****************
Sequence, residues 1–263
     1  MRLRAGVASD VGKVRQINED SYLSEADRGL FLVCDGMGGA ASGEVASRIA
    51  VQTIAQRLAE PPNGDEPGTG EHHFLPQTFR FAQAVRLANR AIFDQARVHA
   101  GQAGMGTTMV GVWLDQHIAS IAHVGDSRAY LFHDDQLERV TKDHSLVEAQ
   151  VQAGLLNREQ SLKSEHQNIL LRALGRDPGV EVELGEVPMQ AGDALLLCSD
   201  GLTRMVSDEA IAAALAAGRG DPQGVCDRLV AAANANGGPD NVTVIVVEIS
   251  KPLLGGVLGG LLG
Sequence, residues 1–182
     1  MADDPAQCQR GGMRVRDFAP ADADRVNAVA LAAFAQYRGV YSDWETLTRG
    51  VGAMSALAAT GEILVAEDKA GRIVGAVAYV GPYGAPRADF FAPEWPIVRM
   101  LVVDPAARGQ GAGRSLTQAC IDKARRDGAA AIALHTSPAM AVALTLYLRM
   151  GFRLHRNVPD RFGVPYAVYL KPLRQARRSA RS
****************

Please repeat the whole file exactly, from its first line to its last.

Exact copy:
Sequence, residues 1–263
     1  MRLRAGVASD VGKVRQINED SYLSEADRGL FLVCDGMGGA ASGEVASRIA
    51  VQTIAQRLAE PPNGDEPGTG EHHFLPQTFR FAQAVRLANR AIFDQARVHA
   101  GQAGMGTTMV GVWLDQHIAS IAHVGDSRAY LFHDDQLERV TKDHSLVEAQ
   151  VQAGLLNREQ SLKSEHQNIL LRALGRDPGV EVELGEVPMQ AGDALLLCSD
   201  GLTRMVSDEA IAAALAAGRG DPQGVCDRLV AAANANGGPD NVTVIVVEIS
   251  KPLLGGVLGG LLG
Sequence, residues 1–182
     1  MADDPAQCQR GGMRVRDFAP ADADRVNAVA LAAFAQYRGV YSDWETLTRG
    51  VGAMSALAAT GEILVAEDKA GRIVGAVAYV GPYGAPRADF FAPEWPIVRM
   101  LVVDPAARGQ GAGRSLTQAC IDKARRDGAA AIALHTSPAM AVALTLYLRM
   151  GFRLHRNVPD RFGVPYAVYL KPLRQARRSA RS